A Week in December by Sebastian Faulks

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Upon re-reading Sebastian Faulks’s A Week in December I found a playful quality to the book that I largely missed when I first opened it in 2009. True, there is so much prescience in his writing. The collective worship of characters like John Veals which led to the great downfall and crunch; pinstriped men whose arcane conjuration of abstractions played cups and dice with us all, makes Faulks’s book seem to be perched on the very edge of the ruin into which we have since tumbled. Veals’s son Finbar is a privileged pratt zoning into skunk. Then there is the strident voice of Hassan – the young Muslim, heir to a pickle fortune, stoked full with thoughts of glorious martyrdom.

These and other characters we know. We have seen them. And we applaud Faulks for giving them back to us.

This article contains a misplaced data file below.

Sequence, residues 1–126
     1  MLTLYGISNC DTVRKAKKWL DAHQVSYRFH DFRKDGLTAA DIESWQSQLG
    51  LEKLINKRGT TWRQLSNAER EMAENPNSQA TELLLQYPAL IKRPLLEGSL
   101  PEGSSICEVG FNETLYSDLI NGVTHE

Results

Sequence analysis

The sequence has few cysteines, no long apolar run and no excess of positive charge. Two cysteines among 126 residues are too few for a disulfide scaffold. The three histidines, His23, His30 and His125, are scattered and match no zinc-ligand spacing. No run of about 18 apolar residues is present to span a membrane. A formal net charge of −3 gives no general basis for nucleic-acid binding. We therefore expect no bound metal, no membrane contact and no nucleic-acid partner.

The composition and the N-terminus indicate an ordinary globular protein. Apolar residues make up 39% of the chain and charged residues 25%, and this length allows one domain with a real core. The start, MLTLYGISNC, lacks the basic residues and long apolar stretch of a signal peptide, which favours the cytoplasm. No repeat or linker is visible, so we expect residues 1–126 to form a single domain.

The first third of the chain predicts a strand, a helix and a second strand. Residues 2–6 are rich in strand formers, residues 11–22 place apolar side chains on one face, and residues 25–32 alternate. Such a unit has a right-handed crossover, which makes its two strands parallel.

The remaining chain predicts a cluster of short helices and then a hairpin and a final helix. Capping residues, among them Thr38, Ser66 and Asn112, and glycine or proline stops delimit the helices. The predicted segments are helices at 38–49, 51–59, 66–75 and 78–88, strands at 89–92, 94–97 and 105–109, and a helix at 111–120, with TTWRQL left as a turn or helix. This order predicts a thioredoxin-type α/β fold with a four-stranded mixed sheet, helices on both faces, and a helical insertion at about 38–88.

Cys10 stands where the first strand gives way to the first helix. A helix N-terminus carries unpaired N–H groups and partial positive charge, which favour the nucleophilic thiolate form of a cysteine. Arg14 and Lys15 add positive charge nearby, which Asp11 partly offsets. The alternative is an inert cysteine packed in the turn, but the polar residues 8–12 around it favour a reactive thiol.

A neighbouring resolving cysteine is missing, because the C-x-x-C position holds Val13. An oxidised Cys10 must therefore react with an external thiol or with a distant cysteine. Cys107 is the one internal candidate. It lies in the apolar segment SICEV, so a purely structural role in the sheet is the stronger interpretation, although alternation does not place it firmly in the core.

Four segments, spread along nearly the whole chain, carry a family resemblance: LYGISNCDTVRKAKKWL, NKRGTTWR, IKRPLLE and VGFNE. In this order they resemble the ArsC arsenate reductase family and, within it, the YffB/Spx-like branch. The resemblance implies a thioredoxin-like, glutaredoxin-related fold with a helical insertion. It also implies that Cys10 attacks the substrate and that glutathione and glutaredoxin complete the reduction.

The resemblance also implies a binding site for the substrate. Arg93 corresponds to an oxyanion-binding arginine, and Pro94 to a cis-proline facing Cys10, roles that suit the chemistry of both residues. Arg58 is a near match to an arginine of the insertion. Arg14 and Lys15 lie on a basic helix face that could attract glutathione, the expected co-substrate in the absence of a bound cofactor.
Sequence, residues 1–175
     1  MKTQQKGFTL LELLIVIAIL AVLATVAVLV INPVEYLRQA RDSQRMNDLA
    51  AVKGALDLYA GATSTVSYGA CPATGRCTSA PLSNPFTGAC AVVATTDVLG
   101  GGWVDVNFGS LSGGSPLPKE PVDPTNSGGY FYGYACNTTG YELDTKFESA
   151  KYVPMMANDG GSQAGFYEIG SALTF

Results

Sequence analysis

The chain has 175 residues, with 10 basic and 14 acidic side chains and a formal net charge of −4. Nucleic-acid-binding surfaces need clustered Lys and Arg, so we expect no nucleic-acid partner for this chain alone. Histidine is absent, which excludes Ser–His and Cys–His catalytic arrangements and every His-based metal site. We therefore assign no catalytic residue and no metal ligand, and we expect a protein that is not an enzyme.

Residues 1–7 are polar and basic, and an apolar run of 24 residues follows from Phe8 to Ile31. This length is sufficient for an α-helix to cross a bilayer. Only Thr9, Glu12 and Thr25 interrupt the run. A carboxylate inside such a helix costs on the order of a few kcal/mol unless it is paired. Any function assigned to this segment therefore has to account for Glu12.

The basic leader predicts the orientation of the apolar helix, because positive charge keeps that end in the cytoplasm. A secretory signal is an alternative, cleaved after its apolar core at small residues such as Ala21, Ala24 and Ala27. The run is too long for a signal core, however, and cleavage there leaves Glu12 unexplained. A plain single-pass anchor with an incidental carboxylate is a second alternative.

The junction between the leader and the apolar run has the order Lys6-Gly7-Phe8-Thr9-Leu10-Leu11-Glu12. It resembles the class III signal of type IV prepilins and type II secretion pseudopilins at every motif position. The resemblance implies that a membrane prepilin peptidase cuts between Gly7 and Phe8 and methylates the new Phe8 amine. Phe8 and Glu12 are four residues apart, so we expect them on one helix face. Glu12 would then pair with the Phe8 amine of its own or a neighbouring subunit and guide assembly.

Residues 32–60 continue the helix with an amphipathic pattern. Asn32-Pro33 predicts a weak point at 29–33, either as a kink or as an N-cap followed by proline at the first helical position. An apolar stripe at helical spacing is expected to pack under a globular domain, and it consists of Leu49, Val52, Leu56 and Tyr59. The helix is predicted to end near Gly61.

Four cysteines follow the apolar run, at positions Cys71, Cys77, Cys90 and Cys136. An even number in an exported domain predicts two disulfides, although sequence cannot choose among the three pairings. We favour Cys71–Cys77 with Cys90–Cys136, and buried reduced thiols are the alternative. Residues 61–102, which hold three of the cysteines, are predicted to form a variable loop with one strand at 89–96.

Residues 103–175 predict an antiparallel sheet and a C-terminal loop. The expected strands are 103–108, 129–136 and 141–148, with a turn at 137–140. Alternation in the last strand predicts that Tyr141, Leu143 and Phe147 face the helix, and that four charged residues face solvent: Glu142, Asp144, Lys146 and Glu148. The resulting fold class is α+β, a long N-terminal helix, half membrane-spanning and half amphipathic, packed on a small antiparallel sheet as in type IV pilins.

However, for me it is the sniping aspect of the book that is most entertaining. The dinner parties with their lefty platitudes and Tory put-downs are captured so skillfully that you feel that Faulks has been to a thousand or more metropolitan suppers. The author seems to be playing the hokey cokey with such gatherings, such people as these. He enjoys the talk, but lampoons it all the same.

In A Week in December Faulks is as close to these people as is possible to be. The self centred, self referential, self perpetuating city is as open as a clam in Nigella’s salsa verde.

A Week in December is part of Cityread London – read about it here on our blog: http://thelondonmagazine.org/tlm-blog/cityread-london/

 

Steven O’Brien